The strategic placing of grab bars provide your elderly with the support and grip needed to make their way in and out of the toilet safely.
Using textured flooring reduces the risk of your elderly slipping when using the bathroom. Floors should also be kept dry at all times.
With regards to the shower area, a detachable shower head is strongly recommended for the elderly. Adding a shower chair allows the elderly to be seated while showering, preventing any risks of slipping and falling.
When it comes to using the toilet, one can consider purchasing a raised toilet seat, or installing a hinged grab rail next to the toilet bowl to assist the elderly when sitting and getting off the toilet.
In general, the sinks and basins within the home should be equipped with a faucet which has a lever, as opposed to the common knob, which may be difficult for the elderly to use.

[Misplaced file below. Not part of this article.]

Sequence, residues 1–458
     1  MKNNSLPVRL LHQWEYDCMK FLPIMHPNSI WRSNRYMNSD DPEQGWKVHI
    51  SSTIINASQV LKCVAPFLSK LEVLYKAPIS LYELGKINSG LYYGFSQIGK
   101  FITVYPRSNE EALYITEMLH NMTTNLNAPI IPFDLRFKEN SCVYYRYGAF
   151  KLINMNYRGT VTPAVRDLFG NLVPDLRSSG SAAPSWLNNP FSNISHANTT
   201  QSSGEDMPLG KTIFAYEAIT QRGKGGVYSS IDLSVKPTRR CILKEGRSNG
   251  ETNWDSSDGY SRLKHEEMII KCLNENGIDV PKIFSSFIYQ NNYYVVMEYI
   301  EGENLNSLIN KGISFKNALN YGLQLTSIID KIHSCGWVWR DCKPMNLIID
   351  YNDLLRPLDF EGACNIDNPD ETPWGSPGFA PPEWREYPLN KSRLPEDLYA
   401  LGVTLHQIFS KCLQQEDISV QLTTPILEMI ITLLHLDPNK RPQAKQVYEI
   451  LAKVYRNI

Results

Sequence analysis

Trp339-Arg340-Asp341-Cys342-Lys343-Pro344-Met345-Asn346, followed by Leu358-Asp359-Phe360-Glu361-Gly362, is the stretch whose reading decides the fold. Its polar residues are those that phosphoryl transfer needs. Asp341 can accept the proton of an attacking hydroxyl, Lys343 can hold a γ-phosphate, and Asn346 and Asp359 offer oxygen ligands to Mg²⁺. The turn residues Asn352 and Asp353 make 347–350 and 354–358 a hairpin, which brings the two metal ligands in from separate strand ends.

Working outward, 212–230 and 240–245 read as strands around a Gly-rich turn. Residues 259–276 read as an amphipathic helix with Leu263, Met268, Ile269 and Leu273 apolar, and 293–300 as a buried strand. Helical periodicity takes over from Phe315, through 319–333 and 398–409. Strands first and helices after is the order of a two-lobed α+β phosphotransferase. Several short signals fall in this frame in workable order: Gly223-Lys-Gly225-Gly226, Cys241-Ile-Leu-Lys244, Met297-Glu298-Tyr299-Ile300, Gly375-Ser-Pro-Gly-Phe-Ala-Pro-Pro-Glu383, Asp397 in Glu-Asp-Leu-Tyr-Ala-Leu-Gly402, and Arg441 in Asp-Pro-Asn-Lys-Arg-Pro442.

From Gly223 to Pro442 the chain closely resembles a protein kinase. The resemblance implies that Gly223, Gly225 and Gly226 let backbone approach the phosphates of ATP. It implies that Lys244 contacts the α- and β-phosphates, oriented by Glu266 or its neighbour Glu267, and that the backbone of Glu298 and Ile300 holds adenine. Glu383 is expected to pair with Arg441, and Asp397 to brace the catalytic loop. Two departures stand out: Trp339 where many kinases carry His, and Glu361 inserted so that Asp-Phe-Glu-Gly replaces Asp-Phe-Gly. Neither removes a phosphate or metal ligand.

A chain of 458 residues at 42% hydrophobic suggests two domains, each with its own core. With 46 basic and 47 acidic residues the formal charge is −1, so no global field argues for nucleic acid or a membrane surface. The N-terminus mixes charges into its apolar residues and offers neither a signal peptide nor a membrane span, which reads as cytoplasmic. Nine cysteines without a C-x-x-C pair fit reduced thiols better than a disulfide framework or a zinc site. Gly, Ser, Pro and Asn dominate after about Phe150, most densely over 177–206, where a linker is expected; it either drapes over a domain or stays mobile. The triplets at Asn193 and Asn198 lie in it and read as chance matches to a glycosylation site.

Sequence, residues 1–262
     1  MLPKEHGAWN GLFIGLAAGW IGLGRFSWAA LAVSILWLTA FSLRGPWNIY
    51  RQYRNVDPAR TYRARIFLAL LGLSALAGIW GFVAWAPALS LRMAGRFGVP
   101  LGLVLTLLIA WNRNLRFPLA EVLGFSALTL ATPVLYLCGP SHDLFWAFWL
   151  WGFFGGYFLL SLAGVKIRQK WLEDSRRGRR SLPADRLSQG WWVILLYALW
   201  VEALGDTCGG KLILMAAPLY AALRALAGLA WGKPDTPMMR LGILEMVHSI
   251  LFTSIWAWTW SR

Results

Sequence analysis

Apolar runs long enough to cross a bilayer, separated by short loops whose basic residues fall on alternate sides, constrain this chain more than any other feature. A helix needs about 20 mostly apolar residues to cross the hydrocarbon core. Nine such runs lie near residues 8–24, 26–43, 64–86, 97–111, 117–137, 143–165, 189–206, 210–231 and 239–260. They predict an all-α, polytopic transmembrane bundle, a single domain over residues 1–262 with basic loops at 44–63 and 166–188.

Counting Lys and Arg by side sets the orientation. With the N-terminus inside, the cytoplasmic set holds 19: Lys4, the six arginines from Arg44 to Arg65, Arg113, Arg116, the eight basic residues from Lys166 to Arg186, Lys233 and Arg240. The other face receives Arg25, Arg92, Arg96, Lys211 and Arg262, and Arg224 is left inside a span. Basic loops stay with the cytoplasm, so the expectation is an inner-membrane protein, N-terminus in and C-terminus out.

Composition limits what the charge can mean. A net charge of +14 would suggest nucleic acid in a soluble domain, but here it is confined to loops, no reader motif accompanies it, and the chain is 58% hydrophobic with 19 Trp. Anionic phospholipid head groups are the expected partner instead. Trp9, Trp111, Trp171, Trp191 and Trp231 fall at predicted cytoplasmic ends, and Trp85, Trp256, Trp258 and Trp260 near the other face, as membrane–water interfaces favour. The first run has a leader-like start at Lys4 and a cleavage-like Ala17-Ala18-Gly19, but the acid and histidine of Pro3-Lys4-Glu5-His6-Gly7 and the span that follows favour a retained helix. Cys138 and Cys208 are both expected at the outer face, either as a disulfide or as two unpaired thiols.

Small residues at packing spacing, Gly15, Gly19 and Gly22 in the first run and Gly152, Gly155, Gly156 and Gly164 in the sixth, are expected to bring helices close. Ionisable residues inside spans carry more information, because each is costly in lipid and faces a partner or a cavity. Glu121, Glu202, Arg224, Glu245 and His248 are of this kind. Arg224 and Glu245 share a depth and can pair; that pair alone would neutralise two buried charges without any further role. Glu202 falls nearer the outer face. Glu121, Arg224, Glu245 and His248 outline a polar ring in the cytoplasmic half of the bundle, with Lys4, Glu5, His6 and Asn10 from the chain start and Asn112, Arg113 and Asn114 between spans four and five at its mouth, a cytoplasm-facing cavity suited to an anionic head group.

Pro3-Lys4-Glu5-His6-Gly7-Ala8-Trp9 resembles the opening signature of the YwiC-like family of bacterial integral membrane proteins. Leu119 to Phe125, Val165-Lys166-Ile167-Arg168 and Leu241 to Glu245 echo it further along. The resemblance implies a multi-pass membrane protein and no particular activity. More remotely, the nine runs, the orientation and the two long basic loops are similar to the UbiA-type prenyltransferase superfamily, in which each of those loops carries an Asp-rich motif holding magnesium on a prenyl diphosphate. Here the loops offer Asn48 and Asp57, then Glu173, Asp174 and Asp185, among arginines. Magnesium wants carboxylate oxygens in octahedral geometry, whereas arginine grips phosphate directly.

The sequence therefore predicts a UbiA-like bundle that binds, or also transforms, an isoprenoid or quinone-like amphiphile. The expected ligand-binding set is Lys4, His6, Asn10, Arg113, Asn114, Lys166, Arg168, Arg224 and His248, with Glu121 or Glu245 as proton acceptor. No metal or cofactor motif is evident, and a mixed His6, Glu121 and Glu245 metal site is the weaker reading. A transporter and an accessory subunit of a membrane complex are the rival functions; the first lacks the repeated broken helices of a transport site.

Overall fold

Around the house
Apart from the above, here are some safety tips for the overall house environment:
- Replace door knobs with levers for easier access
- Install panic buttons or bells at strategic locations where the elderly spends a good amount of time (eg. bedside, toilet, kitchen).
- Use corner bumpers to round off sharp edges of furnitures around the house
- Ensure there is sufficient lighting around the house
- Install grab bars at strategic places to provide the needed support
These tips are brought to you by CARE Concierge, providing nurses, therapists, and caregivers to the home for eldercare and home recovery. Our caregivers are certified and trained to assist your elderly to age in place. We have flexible and long-term homecare packages for eldercare, palliative care, specialized care as well as nursing procedures and physiotherapy. For more information, kindly contact our CARE Managers at 1300 22 8822.